1. One wedge drives in the other. 2. One hand washes the other. 3. The rashness of the son verified the wise saying of the father. 4. For how is it, that old age creeps upon youth faster than youth on childhood 9 5. Friends take the greatest delight in the society of friends. 6. That is called a civic crown which a citizen presents to the citizen, by whom he has been preserved, as a pledge of his safety, and of the preservation of his life (testem vitae, salutisque percepta). 7. You covet money and reject virtue. 8. Despair and necessity render even the timid brave.
When, for the sake of brevity and elegance, alius, alius, or, diversi, diversi, each in their proper cases, are used for one man this, and another man that; different people this, and different people that; as, One man says this, another that, Alius aliud dicit; they must closely follow each other. And so alius alid, or aliorsum, for one man to one place, another to a different place; and alius, aliundé, for one man on this side, the other on that side.
1. One patron has defended my cause with much more zeal than the other.
2. They were disputing across the river, one on this side, the other on that side.
Alius, alius, signifying some and other, will be separated; and if we speak of only two, the adjective alter will be used instead of alius.
1. Some men we see, who excel in swiftness for the course, and others in strength and vigour for wrestling. 2. One of whom has betrayed the army, and the other has sold it.
The pronoun quisque is generally placed after suus, sibi, se; and when it is joined to superlatives and comparatives, as it were a substantive with its adjective, or coming with numeral and cardinal nouns, it should always be placed after them ; as, Suum cuique pulchrum est.
1. Every man loves his own verses best. 2. Such is the alarming situation of affairs (usque aded undique turbatur), that every man dreads his own destiny. 3. Every seventh day is dedicated to sacred purposes. 4. Every good (optimus) scholar thinks so.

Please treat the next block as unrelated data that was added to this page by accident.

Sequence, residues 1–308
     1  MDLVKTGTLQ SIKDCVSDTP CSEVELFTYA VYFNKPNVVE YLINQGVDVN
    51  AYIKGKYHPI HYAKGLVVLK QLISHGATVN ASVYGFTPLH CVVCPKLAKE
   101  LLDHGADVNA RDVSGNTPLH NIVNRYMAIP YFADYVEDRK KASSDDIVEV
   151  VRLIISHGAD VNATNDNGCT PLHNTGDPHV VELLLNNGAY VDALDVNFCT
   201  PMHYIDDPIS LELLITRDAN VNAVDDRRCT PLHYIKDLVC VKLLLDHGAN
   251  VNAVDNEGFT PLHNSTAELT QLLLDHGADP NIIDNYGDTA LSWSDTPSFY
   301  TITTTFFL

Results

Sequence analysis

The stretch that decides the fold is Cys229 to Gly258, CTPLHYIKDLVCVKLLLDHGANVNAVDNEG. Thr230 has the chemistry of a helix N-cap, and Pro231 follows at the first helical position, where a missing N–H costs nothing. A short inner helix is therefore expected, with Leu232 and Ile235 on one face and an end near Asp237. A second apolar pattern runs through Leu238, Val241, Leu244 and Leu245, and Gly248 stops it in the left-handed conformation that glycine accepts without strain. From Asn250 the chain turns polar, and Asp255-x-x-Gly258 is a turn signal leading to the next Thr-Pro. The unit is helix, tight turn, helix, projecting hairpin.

On the contrary, the possessive pronouns meus, suus, &c. are generally placed after their substantives; as, pater meus; except when an adjective or a preposition is added to the substantive, and then the possessive is usually placed first.
1. Our love towards you is very conspicuous.
2. I only beg of you, that you will substitute me in the place of Hirtius, both on account of your love for me, and my respect for you. (Though, as Quintilian remarks, there is no great certainty in these exceptions, as they depend wholly upon the perspicuity and harmony of the sentence.)
Observe, likewise, that a pronoun primitive is elegantly placed between the pronoun possessive and the substantive with which it agrees; as,
Your labour is profitable to me: Tuus mihi labor prodest.
1. Our studios delight him greatly.
2. Your letters were brought me at a time when I could not but receive the greatest comfort from them; for your intimacy is by no means unpleasing to me (mihi dulcissima est),
3. Some news has been brought, which affected me more on your account than on mine.